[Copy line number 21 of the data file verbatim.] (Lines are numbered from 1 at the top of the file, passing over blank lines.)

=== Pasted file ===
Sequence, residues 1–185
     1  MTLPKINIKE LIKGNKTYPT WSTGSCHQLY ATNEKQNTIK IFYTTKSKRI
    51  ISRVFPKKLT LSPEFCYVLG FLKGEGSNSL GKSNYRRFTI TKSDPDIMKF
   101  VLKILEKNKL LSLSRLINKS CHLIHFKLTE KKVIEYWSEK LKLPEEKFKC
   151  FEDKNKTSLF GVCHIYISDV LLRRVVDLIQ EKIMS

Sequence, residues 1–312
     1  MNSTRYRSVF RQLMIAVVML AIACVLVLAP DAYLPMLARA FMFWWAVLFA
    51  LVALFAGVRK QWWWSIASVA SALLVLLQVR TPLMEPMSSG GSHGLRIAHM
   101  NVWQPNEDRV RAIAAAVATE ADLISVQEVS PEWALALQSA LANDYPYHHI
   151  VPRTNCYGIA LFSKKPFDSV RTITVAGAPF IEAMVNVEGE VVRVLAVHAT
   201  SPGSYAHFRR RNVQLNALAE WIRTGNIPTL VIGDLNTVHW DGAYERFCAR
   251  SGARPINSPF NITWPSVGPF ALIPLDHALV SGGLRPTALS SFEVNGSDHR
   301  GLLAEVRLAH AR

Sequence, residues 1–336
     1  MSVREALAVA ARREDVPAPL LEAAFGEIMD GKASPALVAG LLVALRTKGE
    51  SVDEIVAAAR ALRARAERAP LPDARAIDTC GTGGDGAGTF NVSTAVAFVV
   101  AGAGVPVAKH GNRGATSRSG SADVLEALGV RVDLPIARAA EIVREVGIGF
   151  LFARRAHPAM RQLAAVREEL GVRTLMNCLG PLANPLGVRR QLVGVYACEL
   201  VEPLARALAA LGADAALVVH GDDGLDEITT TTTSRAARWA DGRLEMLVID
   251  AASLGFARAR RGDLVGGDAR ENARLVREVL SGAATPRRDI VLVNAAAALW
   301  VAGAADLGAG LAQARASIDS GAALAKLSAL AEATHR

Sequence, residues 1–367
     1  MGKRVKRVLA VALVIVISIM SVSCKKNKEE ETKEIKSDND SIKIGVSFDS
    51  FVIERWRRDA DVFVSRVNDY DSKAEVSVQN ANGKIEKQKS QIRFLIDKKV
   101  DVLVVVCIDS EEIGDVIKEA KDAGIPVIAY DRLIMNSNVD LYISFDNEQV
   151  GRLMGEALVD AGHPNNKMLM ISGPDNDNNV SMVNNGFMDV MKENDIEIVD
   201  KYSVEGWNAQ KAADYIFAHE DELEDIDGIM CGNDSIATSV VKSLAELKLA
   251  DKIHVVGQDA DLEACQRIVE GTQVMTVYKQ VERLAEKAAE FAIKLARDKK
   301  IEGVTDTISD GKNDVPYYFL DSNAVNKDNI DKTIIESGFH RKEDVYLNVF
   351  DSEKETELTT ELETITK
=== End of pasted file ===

   301  VAGAADLGAG LAQARASIDS GAALAKLSAL AEATHR